Members of the Indigenous Graduate Student Collective stage protest on NOAC
If you've been on MSU's campus this week, you have most likely noticed the presence of the Boy Scouts of America and the Order of the Arrow for their centennial exhibition.
After Phillip Rice, a music composition graduate student and member of the Order of the Arrow, sent an opinion letter to The State News expressing displeasure with the event being held at MSU, Shelbi Meissner, a member of the Indigenous Graduate Student Collective and descendent of the Luiseno and Cupeño in Southern-California, teamed up with Rice at Spartan Statue to protest the group's use of Native American culture and imagery.
One of the main reasons Meissner, a philosophy graduate student, cited for protesting was the presence of teepees and individuals wearing headdresses around campus.
"They have a racist caricature of a native man in a headdress that they claim is no longer one of their insignias, but it has been flying on a hot air balloon around campus as well as on a lot of the banners that have come in here," Meissner said. "As a Native American woman I find it highly offensive, and as a member of this community I feel really offended that MSU would host a group like this without any regard for how it would make a lot of students and faculty feel."
Brotherhood member of the Order of The Arrow Drew Conrad, 39, was present at the protest, engaging in a discussion with Meissner about cultural appropriation and giving his personal stance on the role of the Order of the Arrow.
"We have to be careful," Conrad said. "We are utilizing the images and culture of other societies and we need to make sure that we give them the respect that they deserve. They have a right to come out here and remind us to be respectful.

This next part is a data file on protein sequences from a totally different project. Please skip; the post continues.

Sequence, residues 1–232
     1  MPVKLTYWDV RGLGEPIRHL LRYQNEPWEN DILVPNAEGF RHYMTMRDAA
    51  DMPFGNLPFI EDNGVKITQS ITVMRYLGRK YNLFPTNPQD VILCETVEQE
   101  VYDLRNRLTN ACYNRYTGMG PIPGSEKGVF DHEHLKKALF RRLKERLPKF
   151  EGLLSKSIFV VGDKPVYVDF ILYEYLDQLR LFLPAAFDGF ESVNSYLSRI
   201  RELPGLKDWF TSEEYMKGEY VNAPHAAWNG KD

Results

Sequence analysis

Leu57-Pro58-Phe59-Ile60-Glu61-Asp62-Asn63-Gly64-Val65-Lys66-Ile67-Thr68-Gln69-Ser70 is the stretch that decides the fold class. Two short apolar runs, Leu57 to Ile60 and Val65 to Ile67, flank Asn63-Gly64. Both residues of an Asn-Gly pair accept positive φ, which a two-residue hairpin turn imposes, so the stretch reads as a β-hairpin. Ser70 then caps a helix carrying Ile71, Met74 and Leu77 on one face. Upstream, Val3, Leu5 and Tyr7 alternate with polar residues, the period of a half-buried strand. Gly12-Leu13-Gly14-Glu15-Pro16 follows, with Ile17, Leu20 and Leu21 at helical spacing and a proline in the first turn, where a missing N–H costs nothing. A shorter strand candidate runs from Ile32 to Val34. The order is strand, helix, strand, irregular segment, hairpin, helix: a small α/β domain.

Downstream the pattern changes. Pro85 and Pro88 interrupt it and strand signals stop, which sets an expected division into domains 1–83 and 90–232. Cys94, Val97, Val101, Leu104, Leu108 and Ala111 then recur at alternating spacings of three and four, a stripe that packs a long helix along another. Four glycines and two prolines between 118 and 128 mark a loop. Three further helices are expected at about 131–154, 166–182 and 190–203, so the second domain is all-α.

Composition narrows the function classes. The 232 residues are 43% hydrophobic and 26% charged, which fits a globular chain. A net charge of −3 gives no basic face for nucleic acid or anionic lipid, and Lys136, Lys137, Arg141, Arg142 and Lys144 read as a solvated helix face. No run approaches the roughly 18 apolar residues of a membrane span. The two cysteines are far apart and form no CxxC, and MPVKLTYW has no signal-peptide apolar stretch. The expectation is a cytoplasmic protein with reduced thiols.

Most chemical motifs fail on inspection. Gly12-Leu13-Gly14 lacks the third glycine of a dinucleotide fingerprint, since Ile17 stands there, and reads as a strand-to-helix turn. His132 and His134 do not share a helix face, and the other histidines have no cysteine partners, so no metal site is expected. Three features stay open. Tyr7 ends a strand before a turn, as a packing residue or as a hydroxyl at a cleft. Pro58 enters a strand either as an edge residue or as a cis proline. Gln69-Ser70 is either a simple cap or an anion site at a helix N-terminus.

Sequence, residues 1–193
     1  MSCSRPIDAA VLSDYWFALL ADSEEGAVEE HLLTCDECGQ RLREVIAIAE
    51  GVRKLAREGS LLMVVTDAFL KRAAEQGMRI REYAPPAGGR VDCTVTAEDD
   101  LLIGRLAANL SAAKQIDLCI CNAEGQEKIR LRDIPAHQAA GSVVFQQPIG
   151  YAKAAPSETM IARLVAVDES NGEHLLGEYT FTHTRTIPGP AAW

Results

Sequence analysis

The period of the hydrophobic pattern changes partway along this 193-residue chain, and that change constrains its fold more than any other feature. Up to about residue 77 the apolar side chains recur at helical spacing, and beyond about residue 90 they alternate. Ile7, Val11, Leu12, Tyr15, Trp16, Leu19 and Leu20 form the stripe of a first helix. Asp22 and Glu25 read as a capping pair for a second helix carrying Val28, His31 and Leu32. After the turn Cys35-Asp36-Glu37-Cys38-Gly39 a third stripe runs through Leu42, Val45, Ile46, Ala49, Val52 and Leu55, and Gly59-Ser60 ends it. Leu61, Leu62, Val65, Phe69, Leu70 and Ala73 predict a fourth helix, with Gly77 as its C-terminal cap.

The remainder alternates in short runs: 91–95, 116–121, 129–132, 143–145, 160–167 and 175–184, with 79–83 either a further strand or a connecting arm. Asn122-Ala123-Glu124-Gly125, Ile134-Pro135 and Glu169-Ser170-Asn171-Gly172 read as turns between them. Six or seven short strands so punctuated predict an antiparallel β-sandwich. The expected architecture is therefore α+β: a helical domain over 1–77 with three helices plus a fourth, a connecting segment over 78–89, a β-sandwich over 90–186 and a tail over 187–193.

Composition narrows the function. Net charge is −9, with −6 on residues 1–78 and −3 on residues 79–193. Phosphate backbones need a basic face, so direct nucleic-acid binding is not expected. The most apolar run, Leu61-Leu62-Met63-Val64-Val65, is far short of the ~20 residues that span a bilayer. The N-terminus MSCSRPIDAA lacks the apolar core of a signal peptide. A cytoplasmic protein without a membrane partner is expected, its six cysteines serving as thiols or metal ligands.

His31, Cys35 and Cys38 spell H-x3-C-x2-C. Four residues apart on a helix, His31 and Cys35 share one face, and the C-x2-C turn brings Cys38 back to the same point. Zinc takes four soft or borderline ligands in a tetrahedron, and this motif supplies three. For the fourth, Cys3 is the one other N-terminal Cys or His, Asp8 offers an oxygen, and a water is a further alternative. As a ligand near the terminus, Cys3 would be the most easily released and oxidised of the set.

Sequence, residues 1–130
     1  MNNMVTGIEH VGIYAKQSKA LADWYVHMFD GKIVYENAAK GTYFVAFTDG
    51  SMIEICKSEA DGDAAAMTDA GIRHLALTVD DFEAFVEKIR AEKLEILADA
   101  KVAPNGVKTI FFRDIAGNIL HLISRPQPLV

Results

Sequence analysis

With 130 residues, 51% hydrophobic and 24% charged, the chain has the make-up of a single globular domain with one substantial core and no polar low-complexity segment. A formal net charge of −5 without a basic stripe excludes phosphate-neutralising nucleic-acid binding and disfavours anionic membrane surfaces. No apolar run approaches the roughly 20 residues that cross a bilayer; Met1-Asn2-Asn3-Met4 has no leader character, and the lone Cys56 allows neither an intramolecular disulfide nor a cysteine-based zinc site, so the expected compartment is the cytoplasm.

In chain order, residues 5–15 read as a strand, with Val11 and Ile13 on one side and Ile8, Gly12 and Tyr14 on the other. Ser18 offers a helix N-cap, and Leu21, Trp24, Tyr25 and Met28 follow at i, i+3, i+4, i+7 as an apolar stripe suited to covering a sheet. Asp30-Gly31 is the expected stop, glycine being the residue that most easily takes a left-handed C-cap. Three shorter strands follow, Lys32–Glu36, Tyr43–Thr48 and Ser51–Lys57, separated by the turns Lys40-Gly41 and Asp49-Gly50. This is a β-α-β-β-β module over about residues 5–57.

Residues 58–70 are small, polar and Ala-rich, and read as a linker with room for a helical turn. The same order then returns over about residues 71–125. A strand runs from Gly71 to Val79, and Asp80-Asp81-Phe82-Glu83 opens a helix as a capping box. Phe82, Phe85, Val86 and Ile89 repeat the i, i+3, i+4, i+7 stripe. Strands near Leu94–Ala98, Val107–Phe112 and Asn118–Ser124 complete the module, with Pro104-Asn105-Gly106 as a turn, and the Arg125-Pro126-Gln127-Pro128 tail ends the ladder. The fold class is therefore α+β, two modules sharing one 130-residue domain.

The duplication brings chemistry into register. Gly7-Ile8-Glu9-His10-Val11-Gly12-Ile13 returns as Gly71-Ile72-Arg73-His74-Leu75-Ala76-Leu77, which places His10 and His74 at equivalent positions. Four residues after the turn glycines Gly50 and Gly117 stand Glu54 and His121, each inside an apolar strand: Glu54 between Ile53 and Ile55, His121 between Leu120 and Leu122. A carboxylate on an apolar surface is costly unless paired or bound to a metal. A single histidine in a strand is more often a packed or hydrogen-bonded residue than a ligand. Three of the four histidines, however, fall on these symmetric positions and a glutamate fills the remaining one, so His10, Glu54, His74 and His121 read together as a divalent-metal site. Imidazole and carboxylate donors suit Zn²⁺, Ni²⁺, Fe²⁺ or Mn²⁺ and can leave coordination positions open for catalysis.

"A lot of (Order of the Arrow) members work closely with tribes to make sure we are being respectful, so just like I can't speak for all of (Boy Scouts of America), she can't speak for all Native Americans."
Meissner said the university doesn't properly acknowledge the people that were native to the land MSU owns.
“The land that Michigan State is on was stolen land in the Saginaw Treaty of 1819," Meissner said. "Not only does the university nowhere in their history section acknowledge this, they actually tend to erase it."
She went on to say that the university claims to be "a pioneer," which she considered "extremely destructive rhetoric" that would make it sound like nothing was here before. She said that the farm lands here were Anishinaabe farm lands that would have been used to provide livelihood for their families.
“Now Michigan State University is profiting, I assume (they are) being paid by the Boy Scouts of America to be here, so now the university is profiting off of this appropriation and exploitation of Native American culture.”
Meissner stated that the Indigenous Graduate Student Collective didn’t get any warning that there would be Boy Scouts here, so there was not a lot of time to organize the protest, but she said they had to have a presence.
"We wanted to come today for sure because there was a big evacuation drill and there would be high visibility (and) we get to see a lot of the young people, which I think is important," Meissner said. "For a lot of young people this is their first time seeing a protest or knowing that there is some kind of public discourse going on about cultural appropriation.”